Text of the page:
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LINGUIST List 21.4585

Tue Nov 16 2010

Calls: Computational Ling/Semantics/Computational Linguistics (Jrnl)

Editor for this issue: Justin Petro <justinlinguistlist.org>

LINGUIST is pleased to announce the launch of an exciting new feature: Easy Abstracts! Easy Abs is a free abstract submission and review facility designed to help conference organizers and reviewers accept and process abstracts online. Just go to: http://www.linguistlist.org/confcustom, and begin your conference customization process today! With Easy Abstracts, submission and review will be as easy as 1-2-3!
        1.     Roser Morante , Computational Linguistics

Message 1: Computational Linguistics
Date: 16-Nov-2010
From: Roser Morante <roser.moranteua.ac.be>
Subject: Computational Linguistics
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Full Title: Computational Linguistics

Linguistic Field(s): Computational Linguistics; Semantics

Call Deadline: 10-Mar-2011

A Special Issue of the Computational Linguistics Journal on Modality and


Computational linguistics has seen achievements in handling language at
different levels of linguistic abstraction, from tokenization to semantic role
labeling. Given a sentence, systems can more or less reliably determine who
does what to whom when and where. However, texts do not always express
factual information; on the contrary, language is often used to express
uncertainty, opinion, evaluation, or doubt. Accordingly, computational
linguistics has started to take into account the subjective aspects of
language. There is now research that focuses also on determining who states
that someone does something somewhere at a certain point in time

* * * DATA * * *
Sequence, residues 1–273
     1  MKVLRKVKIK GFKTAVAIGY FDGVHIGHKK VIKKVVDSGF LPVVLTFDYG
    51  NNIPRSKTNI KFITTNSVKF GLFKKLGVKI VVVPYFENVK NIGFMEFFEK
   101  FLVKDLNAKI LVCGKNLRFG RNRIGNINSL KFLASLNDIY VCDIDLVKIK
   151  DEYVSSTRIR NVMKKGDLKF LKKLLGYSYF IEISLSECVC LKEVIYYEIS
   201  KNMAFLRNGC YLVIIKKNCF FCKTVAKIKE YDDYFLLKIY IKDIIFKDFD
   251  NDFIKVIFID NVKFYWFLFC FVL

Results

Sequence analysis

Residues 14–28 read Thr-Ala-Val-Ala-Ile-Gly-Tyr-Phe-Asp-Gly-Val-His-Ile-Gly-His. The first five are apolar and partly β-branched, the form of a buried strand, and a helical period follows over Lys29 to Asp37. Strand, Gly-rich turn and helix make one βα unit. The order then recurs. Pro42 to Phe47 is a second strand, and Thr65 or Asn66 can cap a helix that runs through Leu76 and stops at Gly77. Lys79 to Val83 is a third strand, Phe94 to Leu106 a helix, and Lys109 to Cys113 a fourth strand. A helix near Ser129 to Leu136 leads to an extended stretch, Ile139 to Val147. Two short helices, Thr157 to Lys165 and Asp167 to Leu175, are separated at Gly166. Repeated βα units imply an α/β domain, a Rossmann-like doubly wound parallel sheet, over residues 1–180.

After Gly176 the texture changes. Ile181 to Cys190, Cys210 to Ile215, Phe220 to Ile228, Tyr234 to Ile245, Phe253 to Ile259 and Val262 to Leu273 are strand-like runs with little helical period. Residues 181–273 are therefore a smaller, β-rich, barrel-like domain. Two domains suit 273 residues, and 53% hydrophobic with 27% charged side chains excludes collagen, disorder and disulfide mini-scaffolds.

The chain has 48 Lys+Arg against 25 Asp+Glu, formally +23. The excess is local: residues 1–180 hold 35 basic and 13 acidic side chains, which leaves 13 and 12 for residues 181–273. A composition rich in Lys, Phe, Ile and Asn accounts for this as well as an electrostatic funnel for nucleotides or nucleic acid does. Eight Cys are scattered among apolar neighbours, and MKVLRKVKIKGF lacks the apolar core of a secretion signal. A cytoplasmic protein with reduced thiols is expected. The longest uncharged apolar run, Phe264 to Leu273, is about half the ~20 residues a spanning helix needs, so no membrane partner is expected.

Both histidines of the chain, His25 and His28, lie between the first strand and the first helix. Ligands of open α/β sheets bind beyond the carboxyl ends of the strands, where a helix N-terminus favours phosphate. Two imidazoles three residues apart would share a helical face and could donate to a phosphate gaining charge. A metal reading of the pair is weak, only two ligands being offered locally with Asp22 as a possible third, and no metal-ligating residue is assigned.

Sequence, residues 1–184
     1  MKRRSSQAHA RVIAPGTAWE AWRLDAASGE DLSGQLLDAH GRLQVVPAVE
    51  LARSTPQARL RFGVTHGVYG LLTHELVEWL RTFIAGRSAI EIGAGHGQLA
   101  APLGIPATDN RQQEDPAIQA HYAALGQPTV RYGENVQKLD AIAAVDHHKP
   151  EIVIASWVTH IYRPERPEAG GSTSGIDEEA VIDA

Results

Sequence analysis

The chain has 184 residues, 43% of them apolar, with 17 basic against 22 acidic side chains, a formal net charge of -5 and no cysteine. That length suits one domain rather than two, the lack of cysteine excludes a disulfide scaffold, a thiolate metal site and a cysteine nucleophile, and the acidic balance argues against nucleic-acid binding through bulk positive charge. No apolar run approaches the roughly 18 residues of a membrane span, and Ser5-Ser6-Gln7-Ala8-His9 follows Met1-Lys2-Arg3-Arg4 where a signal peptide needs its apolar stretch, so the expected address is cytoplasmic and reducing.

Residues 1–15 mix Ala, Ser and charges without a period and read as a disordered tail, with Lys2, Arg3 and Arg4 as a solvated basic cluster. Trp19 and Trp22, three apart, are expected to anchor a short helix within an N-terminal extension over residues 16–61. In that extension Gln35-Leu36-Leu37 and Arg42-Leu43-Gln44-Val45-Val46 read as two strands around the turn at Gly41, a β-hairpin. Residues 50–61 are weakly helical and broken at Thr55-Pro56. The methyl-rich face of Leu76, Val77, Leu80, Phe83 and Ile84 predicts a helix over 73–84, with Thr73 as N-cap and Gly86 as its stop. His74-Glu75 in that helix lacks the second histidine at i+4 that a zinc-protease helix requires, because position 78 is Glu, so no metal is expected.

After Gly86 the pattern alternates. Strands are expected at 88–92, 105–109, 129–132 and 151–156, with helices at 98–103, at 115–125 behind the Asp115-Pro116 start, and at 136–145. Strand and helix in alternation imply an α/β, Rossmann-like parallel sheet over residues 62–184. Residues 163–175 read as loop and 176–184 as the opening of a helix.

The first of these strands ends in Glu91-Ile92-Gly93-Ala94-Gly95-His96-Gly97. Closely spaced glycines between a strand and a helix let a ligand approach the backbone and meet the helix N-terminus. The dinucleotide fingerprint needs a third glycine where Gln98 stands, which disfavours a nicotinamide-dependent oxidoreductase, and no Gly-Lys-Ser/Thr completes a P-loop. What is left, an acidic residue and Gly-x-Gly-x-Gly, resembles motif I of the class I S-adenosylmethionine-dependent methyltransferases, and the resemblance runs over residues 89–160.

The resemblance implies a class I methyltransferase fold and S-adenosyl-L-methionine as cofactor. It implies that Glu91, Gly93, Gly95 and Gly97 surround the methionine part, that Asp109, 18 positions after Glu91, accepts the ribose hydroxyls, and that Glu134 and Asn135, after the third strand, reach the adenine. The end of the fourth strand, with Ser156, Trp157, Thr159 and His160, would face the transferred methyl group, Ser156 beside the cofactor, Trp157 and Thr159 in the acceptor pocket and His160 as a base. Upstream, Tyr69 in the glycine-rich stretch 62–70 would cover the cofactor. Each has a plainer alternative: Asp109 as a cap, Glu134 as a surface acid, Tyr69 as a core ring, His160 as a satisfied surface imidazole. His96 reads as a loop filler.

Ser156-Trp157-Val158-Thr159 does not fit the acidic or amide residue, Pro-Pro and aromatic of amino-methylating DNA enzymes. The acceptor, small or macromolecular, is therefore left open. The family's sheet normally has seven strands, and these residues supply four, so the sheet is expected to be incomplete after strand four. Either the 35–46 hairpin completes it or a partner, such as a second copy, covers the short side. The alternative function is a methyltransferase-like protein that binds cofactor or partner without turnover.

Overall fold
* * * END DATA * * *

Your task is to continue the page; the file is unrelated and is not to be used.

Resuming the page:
(perspective) and based on what evidence (evidentiality), how certain
someone is about stating something (certainty), the truth value of the facts
being stated (negation), or the subjective evaluation of these facts
(positive/negative opinion).


For this special issue we solicit full-length article submissions describing
innovative and challenging research on aspects of the computational
modeling and processing of modality and negation. We specifically invite
submissions that take into account linguistic aspects of the phenomena and
bring a theoretical basis to research on computing the factuality and certainty
of the events in a statement, finding the source and evidence for the
statement of a fact, and determining whether a statement has a truth value.
We encourage submissions that have a substantial analysis component, in
the form of an analysis of the task and data and/or an error analysis of the
proposed method. Submissions can address aspects of either modality or
negation or both, provided that they lead to an enhanced understanding of the
phenomena, as opposed to a straightforward engineering solution.

Possible topics include, but are not limited to:

- Linguistically informed modeling of modality and negation for NLP
- Analysis of the relevant information/knowledge involved in processing
modality and negation
- The computational complexity of processing modality and negation
- Novel machine learning approaches for learning modality and negation
- Processing modality and negation across domains and genres
- The interaction of modality and negation for determining the factuality of
- The influence of the linguistic context on the processing of modality and
- Evaluation of systems: metrics and application-based evaluation


If you are considering submitting an article to this special issue, please send
an expression of interest to the Guest Editors (roser.moranteua.ac.be,
csporledcoli.uni-sb.de) before the 10th December, 2010. Expressions of
interest are not binding. Please use subject line 'EoI CL SI Modality and
Negation', and include a brief description of your potential submission.


Call for papers: 10 November 2010
Expressions of interest: 10 December 2010
Submission of full articles: 10 March 2011
Preliminary decisions to authors: 31 June 2011
Submission of revised articles: 30 August 2011
Final decisions to authors: 18 October 2011
Final versions due from authors: 1 November 2011


Roser Morante

CLiPS - University of Antwerp, Belgium

Caroline Sporleder

Computational Linguistics and Phonetics - Saarland University, Germany

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